The presence of Ecuadorians in Chicago can be traced back to the mid-twentieth century. Ecuadorians came to Chicago primarily in two waves. Initially, they migrated to Chicago from the period between 1965 and 1976. They came from provinces such as Guayas, Pichincha, and Chimborazo, working primarily in, factories, retail, and the service industry. Ecuadorian businesses included travel and courier agencies, restaurants, and food and clothing stores, located primarily on Milwaukee, Division, and 26th Streets.
The second major wave of migration took place in the 1990s. These Ecuadorians came mainly from the highland provinces of Azuay and Canar. This wave of Ecuadorians depended on networks of family and friends to secure jobs in the restaurant and hotel industry for the men, and housekeeping and garment industries for the women.76
In 2000 there were 8,941 Ecuadorians in Chicago, making them the fifth-largest Latin American group in the city. And after New York, Miami, and Los Angeles, Chicago is the fourth U.S. city with the largest number of Ecuadorians.77 Ecuadorians live primarily in Logan Square, Albany Park, Uptown, and Lake View. There are smaller clusters in Irving Park, Belmont Cragin, Edgewater, and West Ridge. More recently, Ecuadorians have been moving to the suburbs of Skokie, Glenview, Des Plaines, Morton Grove, and Elgin.78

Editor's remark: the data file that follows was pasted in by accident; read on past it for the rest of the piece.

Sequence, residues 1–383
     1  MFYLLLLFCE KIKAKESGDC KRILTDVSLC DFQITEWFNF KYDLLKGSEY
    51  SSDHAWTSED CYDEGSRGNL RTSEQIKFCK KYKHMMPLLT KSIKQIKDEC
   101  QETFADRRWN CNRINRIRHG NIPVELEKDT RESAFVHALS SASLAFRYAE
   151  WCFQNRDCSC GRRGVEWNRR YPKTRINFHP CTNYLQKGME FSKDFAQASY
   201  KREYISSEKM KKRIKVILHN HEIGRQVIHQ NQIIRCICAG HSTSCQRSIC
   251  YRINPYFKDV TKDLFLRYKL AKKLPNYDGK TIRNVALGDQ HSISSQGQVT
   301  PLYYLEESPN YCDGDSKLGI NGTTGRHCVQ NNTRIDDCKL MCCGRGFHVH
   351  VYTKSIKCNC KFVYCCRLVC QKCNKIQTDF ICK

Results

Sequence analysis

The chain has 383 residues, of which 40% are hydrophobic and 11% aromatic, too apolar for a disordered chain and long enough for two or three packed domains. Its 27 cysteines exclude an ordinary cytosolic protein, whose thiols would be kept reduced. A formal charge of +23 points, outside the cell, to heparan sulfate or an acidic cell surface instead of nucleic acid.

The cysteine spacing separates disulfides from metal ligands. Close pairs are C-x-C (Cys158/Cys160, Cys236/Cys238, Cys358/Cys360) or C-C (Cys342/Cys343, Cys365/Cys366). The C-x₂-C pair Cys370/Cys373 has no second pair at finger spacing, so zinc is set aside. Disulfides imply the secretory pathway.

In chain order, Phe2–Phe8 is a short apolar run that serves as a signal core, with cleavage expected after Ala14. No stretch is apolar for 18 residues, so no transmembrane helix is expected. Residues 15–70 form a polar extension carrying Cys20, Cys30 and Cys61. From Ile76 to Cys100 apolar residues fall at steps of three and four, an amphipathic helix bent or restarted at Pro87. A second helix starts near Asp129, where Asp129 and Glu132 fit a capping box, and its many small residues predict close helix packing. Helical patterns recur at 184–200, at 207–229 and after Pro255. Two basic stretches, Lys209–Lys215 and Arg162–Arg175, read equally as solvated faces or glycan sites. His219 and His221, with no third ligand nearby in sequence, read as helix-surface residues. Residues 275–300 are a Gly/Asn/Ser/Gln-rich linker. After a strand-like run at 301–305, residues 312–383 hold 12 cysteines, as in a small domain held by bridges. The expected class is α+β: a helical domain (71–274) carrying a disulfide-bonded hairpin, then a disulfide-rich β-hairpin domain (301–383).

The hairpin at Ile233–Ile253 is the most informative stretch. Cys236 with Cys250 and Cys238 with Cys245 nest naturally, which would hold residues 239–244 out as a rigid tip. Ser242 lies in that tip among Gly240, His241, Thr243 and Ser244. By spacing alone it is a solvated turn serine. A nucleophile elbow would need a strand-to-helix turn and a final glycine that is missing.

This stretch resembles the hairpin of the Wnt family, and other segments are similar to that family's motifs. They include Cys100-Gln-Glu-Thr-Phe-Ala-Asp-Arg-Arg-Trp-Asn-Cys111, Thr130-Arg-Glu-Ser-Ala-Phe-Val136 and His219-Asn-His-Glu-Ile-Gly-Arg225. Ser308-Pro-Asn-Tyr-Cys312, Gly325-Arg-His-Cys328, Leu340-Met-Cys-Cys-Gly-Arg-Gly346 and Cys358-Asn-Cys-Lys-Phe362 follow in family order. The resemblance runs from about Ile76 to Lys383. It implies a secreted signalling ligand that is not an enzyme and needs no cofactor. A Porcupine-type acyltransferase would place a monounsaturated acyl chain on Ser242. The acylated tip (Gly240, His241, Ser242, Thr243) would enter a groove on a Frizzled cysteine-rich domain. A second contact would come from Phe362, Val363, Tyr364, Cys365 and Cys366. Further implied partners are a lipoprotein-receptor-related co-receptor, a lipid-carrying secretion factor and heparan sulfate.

Ecuadorians have founded many organizations, such as the Ecuadorian Civic Society (founded in 1959), the Federation of Ecuadorian Entities, the Ecuadorian Lions Club, the Cotopaxi Foundation, the Social Association of Azuay, the Civic Society of Canar, and the Alausl Foundation. Religion has played a major role in preserving Ecuadorian traditions. The Ecuadorian community hosts annual events that include cultural exhibits, picnics, and parades.